Relax and Enjoy the Experience

You never know whom you will meet or what you can learn from a conversation with a stranger. So make sure you have a plan but also go with the flow and enjoy every minute of your conference experience. Don’t stress about it. At conferences, I have met people who became life time friends and wonderful mentors who have been instrumental in my career through their advice and support.

Please check out the ASHG website for more information on trainee opportunities, resources, and ASHG 2017.

Teresa Ramírez, PhD, is the 2016-2017 ASHG/NHGRI Genetics & Education Fellow. Learn more about the Genetics & Education Fellowship.

An ASHG Fellow’s Perspective on Conference Prep, Part 1: Networking

Posted by: Teresa Ramírez, PhD, 2016-17 ASHG/NHGRI Genetics & Education Fellow

Attending national conferences can be intimidating or exciting. The first one I attended was quite overwhelming. Do you remember how you felt at yours? Did you ask yourself questions like: why is it important to attend a national conference? How do I prepare? How can I make the most of it? What should I do and how do I network? These thoughts can be nerve-wracking, but don’t worry: these tips will help ease your nerves and guide you to prepare for the next one.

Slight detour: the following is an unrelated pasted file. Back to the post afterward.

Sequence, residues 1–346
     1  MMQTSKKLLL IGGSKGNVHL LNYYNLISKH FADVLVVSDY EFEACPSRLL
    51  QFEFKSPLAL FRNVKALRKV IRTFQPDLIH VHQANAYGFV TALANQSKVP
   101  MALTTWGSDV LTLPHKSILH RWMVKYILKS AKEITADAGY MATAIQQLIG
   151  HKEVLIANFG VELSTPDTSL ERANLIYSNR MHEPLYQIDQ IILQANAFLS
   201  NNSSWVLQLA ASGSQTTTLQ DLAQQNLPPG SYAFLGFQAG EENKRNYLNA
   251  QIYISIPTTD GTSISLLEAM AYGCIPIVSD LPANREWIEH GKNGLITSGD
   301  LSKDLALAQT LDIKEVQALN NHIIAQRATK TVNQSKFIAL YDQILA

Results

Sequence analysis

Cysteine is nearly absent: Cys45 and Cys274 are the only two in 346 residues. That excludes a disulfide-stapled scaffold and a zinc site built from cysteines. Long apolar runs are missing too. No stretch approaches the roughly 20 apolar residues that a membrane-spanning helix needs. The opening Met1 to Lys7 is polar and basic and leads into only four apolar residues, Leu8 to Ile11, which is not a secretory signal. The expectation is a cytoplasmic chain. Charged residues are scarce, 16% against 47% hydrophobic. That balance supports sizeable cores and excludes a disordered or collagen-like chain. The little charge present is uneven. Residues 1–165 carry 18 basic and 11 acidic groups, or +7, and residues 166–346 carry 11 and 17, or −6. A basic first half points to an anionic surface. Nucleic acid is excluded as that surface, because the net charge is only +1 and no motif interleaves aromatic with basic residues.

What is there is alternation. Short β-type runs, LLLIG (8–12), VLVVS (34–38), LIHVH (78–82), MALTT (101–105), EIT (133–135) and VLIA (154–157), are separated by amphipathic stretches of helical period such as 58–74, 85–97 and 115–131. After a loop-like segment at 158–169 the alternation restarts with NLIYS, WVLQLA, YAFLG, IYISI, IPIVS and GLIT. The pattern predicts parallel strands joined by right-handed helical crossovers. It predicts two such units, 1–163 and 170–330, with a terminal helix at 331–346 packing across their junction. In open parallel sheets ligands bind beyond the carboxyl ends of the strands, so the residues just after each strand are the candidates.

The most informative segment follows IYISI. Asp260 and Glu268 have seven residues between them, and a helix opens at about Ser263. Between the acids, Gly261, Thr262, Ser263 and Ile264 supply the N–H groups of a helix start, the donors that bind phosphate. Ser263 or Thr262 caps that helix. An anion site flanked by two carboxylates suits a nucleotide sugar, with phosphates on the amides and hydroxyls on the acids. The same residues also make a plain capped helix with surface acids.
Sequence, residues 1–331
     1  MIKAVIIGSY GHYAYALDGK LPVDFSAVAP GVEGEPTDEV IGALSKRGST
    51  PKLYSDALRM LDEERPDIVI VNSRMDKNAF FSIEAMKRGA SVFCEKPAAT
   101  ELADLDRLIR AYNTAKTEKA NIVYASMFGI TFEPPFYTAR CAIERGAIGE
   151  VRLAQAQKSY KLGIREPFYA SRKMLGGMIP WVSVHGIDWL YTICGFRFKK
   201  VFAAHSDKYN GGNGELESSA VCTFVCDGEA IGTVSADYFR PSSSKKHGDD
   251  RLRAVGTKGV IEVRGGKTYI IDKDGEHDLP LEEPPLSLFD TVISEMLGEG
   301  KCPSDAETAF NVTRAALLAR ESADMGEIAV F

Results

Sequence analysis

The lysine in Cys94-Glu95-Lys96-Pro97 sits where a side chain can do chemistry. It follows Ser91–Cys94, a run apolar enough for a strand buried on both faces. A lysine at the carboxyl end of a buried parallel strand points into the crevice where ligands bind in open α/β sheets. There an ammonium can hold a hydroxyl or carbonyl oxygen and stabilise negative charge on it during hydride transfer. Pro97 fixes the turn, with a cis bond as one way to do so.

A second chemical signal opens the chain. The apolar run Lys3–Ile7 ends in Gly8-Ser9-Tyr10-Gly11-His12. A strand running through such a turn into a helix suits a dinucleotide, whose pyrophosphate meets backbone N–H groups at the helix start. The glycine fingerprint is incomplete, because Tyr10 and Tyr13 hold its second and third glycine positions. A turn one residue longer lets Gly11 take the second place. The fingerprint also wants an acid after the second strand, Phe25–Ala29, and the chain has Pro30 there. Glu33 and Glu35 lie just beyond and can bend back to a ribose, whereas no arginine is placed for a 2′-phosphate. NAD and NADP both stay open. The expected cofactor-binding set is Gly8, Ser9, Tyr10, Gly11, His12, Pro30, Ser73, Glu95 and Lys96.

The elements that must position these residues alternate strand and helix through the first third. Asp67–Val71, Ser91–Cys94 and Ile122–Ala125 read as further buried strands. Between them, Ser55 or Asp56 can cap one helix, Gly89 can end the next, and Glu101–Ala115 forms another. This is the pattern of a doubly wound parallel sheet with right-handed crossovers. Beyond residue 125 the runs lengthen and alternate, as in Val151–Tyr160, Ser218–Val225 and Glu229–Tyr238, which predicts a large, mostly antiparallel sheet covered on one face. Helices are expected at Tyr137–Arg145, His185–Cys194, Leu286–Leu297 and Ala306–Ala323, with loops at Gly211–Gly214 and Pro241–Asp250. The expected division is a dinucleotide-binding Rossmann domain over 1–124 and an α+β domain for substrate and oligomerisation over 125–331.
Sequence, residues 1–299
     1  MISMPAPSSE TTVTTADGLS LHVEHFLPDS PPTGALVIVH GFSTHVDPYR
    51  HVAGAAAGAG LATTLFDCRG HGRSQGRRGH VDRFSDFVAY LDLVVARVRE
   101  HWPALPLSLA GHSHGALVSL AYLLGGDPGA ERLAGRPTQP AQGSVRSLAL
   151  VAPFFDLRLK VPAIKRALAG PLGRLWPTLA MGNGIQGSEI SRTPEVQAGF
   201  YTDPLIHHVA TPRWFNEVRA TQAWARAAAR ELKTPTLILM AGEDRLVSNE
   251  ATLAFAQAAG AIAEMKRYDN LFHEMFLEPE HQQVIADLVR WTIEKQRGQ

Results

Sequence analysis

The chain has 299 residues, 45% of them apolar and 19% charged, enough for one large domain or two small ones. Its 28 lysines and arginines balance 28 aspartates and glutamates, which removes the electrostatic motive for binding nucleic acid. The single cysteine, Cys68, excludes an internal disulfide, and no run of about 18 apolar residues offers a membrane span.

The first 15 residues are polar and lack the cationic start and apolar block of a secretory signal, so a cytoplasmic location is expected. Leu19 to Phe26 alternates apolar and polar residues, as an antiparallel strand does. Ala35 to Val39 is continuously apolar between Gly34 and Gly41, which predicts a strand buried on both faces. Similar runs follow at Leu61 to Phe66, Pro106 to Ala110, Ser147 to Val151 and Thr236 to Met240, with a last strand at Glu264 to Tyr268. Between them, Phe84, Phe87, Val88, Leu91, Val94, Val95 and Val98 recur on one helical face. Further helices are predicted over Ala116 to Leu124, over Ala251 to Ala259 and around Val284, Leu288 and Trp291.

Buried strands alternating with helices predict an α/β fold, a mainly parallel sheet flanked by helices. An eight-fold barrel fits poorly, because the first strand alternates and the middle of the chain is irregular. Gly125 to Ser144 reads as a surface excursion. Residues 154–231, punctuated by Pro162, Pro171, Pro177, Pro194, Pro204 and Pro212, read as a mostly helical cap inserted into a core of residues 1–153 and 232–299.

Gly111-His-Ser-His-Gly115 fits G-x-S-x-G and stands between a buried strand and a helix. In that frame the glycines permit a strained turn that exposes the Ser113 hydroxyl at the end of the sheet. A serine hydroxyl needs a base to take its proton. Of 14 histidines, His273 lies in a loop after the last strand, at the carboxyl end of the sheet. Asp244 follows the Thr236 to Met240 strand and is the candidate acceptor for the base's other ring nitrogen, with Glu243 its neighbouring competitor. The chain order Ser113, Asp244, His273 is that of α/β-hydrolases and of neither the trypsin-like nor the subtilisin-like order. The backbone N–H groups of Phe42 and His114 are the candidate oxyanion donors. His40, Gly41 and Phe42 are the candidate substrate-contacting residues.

Meet People and Follow Up

As an undergraduate student at California State University, Dominguez Hills, I participated in the NIH-funded Minority Biomedical Research Support (MBRS) program, where I learned about the do’s and don’ts of attending conferences. First, look and dress professionally because first impressions make a difference.

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Teresa Ramírez at a recent meeting of SACNAS (Advancing Chicanos/Hispanics & Native Americans in Science) (courtesy Dr. Ramírez)